Film preservation requires transferring old movies from their original material—unstable, deteriorating nitrate film—...

Rachel on April 13, 2018


Could you please explain why the other choices aren't correct? Thanks!

1 Reply

Anita on April 14, 2018

The correct answer is D. Let's go through the answers one by one:

A: This assumes that no new technology will be developed. The argument doesn't assume what will or will not happen with technology in the future, just that there won't be enough of an improvement by the time the old film deteriorates.

B: While the prompt mentions the cost of the process, it is noted as the only process for this, so it is irrelevant whether it is more or less expensive than anything else.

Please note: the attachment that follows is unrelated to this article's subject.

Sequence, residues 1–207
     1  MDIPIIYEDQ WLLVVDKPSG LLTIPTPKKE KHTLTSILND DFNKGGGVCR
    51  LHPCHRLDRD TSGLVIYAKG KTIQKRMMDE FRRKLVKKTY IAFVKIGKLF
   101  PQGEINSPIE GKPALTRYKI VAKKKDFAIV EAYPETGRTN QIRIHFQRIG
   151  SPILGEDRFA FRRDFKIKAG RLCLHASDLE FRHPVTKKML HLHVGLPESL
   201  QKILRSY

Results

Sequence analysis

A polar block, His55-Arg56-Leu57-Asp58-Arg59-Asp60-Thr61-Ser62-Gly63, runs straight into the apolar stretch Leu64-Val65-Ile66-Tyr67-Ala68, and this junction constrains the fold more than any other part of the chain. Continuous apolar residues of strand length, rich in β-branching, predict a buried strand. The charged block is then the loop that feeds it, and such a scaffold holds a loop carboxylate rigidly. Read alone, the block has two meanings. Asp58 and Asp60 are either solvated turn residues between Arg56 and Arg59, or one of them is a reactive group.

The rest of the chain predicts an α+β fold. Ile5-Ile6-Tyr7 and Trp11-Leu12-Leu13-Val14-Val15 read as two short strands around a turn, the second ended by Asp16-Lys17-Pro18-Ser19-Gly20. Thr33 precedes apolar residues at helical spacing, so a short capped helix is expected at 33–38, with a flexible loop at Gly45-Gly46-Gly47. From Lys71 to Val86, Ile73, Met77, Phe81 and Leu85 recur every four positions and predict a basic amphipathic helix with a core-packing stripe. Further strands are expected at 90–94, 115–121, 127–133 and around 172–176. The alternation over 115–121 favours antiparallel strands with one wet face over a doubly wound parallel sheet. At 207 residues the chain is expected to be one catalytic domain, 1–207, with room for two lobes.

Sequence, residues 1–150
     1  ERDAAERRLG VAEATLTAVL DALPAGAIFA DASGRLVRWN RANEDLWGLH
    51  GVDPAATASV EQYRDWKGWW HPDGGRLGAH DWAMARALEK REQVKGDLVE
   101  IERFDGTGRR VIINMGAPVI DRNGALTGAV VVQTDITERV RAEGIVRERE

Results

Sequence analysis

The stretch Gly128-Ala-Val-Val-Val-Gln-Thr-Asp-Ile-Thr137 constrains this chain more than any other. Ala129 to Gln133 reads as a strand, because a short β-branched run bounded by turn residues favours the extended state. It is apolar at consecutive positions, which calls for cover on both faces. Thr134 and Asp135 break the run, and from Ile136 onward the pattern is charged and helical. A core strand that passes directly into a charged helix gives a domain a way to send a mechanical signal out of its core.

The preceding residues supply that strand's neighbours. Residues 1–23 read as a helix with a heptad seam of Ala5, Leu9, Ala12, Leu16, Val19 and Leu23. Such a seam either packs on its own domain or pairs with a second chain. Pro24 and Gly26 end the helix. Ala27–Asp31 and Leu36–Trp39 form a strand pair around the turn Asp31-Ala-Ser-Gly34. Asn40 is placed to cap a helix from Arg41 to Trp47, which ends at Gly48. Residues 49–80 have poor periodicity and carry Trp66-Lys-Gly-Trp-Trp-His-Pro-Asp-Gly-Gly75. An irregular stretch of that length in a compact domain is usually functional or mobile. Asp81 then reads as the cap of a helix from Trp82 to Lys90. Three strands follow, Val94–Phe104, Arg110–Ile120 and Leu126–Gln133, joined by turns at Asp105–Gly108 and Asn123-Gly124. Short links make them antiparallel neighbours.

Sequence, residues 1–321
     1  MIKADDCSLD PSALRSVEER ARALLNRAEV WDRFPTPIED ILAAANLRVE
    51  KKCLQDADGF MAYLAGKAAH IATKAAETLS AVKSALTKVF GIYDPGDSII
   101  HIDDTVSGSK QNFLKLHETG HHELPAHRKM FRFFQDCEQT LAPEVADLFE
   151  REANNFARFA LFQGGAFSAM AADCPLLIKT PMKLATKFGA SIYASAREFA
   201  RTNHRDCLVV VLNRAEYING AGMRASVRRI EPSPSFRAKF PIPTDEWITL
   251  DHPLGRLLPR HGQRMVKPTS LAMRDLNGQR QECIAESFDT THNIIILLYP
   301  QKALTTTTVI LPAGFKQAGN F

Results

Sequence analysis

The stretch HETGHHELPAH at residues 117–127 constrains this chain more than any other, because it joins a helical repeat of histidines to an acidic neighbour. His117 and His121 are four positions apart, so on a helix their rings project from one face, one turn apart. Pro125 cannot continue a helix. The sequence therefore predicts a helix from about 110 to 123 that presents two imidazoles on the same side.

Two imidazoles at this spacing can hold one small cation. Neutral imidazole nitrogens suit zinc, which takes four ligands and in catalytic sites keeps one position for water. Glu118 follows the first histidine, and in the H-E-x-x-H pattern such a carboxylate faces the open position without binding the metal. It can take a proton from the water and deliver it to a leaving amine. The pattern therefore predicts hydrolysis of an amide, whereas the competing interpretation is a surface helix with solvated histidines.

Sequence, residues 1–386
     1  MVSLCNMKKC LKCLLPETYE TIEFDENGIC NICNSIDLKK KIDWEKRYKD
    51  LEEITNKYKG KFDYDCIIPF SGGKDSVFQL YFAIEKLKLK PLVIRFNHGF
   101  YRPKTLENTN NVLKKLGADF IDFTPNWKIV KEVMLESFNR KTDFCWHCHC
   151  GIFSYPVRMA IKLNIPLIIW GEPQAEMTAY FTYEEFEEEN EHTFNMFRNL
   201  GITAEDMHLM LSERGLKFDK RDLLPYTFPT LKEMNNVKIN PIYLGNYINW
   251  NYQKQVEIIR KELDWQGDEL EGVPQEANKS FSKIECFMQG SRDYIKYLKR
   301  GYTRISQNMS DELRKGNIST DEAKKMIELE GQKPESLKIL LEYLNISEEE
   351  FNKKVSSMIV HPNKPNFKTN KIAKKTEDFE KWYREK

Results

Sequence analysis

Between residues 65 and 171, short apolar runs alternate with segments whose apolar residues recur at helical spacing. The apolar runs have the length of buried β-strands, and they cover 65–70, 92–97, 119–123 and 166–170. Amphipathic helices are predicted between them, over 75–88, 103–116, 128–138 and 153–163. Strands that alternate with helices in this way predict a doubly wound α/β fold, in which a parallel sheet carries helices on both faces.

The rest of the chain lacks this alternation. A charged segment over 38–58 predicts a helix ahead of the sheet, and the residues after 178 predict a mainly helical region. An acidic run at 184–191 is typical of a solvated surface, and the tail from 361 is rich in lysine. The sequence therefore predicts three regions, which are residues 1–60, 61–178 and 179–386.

C: We don't know from the prompt how many films have already been transferred, only that some will inevitably disintegrate. Try negating it, and you'll see that it would be "many films have been transferred," which doesn't hurt the argument.

D: This is the correct answer! The prompt is that there is a tedious, expensive way to transfer old materials to new ones, so some will not be transferred. If we were to negate this - if it were the case that no films from the early years of Hollywood are solely in their original state, then it would destroy the argument - there would be no preservation problem.

E: The prompt doesn't address whether any of these films were popular. They could have all been awful or all be wonderful, but they still may disintegrate if not transferred from their original material.

Let me know if this helps!